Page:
Americans aren’t so smart.
WASHINGTON, D.C. -- On average, Americans' political party preferences in 2021 looked similar to prior years, with slightly more U.S. adults identifying as Democrats or leaning Democratic (46%) than identified as Republicans or leaned Republican (43%).
However, the general stability for the full-year average obscures a dramatic shift over the course of 2021, from a nine-percentage-point Democratic advantage in the first quarter to a rare five-point Republican edge in the fourth quarter.
Line graph. Quarterly averages of U.S. party identification and leaning in 2021. In the first quarter of 2021, 49% of U.S. adults identified as Democrats or leaned Democratic, while 40% identified as Republicans or leaned Republican. In the second quarter, 49% were Democrats or Democratic leaners, and 43% were Republicans and Republican leaners. In the third quarter, 45% were Democrats and Democratic leaners, and were 44% Republicans and Republican leaners. In the fourth quarter, 42% were Democrats and Democratic leaners, and 47% were Republicans and Republican leaners.
These results are based on aggregated data from all U.S. Gallup telephone surveys in 2021, which included interviews with more than 12,000 randomly sampled U.S. adults.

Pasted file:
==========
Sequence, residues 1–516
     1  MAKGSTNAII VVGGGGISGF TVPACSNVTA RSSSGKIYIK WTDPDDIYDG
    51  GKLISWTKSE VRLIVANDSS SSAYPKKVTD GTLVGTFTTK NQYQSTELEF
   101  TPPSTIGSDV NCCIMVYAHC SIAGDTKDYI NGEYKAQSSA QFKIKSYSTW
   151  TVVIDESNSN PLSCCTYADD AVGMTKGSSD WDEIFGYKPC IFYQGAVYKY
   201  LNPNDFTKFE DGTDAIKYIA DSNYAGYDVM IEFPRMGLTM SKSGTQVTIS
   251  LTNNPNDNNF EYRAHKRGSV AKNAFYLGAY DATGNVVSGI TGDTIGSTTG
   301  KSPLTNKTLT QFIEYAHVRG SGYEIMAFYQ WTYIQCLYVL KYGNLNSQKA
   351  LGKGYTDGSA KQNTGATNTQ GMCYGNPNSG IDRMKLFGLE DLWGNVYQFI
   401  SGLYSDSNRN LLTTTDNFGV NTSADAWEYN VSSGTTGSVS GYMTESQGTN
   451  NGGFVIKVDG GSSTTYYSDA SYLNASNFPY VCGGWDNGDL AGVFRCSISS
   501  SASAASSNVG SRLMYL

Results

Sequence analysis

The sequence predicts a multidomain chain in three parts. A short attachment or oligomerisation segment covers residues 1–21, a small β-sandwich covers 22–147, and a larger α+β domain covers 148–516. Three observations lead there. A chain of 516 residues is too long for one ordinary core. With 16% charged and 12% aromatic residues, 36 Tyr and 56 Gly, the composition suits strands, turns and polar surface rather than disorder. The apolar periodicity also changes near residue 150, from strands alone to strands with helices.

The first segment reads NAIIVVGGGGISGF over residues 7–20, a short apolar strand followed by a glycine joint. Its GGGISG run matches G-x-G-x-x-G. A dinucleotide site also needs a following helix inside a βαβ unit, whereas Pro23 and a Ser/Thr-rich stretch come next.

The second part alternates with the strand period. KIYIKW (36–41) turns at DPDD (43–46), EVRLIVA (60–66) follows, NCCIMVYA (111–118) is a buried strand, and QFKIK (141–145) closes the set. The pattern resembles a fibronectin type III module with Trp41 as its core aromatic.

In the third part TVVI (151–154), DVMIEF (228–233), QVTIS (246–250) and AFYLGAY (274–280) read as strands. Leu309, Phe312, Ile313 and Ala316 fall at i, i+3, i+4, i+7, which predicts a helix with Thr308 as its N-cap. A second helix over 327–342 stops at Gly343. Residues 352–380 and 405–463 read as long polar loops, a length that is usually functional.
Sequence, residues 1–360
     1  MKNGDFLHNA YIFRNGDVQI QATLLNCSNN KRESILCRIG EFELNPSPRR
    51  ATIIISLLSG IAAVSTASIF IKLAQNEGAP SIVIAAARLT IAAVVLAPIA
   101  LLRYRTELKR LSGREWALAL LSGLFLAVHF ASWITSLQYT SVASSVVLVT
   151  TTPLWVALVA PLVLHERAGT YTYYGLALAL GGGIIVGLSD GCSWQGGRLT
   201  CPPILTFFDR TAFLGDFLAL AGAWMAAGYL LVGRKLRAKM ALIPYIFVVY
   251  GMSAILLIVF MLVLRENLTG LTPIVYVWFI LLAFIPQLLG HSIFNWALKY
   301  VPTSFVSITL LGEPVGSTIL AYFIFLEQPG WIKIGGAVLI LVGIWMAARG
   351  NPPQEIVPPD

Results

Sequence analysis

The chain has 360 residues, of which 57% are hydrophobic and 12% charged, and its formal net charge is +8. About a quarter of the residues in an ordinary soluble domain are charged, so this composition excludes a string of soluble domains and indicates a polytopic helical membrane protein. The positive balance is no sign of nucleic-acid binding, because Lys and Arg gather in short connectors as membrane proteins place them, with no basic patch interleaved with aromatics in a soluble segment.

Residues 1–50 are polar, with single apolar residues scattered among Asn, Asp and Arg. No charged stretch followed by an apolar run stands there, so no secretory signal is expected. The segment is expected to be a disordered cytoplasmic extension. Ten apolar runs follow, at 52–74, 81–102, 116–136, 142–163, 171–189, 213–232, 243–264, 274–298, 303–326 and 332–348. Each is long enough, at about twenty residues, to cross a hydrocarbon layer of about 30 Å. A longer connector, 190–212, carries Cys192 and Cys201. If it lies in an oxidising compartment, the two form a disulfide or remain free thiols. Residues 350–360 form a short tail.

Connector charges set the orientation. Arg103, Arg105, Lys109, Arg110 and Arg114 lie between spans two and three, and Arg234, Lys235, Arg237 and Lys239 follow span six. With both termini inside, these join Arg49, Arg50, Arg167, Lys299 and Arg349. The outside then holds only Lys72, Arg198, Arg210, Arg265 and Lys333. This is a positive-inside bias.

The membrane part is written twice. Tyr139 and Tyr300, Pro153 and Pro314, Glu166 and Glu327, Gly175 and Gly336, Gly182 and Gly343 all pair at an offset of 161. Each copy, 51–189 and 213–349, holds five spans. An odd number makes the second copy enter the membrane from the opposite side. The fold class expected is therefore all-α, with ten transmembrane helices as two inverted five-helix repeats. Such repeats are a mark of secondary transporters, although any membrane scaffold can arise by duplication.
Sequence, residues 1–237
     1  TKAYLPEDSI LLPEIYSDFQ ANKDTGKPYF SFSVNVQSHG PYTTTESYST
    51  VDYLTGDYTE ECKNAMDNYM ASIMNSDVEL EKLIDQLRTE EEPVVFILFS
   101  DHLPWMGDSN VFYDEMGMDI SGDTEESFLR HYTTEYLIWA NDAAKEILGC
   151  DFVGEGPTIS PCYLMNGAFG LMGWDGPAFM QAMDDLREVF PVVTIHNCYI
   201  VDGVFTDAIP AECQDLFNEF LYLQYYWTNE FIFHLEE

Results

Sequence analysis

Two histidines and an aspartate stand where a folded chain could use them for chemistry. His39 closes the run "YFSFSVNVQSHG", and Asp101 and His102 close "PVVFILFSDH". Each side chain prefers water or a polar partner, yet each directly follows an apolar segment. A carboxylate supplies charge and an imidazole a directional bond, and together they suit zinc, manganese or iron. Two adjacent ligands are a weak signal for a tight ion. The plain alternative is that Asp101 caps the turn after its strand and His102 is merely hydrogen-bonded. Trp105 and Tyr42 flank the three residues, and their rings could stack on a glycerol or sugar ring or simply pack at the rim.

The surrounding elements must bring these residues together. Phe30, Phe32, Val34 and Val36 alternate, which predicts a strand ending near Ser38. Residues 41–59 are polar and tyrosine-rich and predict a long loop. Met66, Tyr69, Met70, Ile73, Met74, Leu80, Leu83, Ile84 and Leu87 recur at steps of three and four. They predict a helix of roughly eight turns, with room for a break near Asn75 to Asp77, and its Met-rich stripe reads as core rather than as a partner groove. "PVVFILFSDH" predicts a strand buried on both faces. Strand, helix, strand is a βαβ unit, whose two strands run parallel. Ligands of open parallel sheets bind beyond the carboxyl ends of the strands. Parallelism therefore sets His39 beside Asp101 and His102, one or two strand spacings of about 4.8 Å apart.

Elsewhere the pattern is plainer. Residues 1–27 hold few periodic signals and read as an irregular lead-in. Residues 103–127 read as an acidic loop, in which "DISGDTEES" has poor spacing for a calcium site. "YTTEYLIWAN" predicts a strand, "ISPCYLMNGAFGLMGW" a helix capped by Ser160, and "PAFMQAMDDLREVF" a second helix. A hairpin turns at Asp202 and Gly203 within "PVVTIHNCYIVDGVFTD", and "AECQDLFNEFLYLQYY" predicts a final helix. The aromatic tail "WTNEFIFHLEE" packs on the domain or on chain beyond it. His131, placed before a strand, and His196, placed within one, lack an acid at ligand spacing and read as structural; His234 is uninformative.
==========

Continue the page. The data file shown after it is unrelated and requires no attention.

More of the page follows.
Gallup asks all Americans it interviews whether they identify politically as a Republican, a Democrat or an independent. Independents are then asked whether they lean more toward the Republican or Democratic Party. The combined percentage of party identifiers and leaners gives a measure of the relative strength of the two parties politically.
Both the nine-point Democratic advantage in the first quarter and the five-point Republican edge in the fourth quarter are among the largest Gallup has measured for each party in any quarter since it began regularly measuring party identification and leaning in 1991.
The Democratic lead in the first quarter was the largest for the party since the fourth quarter of 2012, when Democrats also had a nine-point advantage. Democrats held larger, double-digit advantages in isolated quarters between 1992 and 1999 and nearly continuously between mid-2006 and early 2009.
The GOP has held as much as a five-point advantage in a total of only four quarters since 1991. The Republicans last held a five-point advantage in party identification and leaning in early 1995, after winning control of the House of Representatives for the first time since the 1950s. Republicans had a larger advantage only in the first quarter of 1991, after the U.S. victory in the Persian Gulf War led by then-President George H.W. Bush.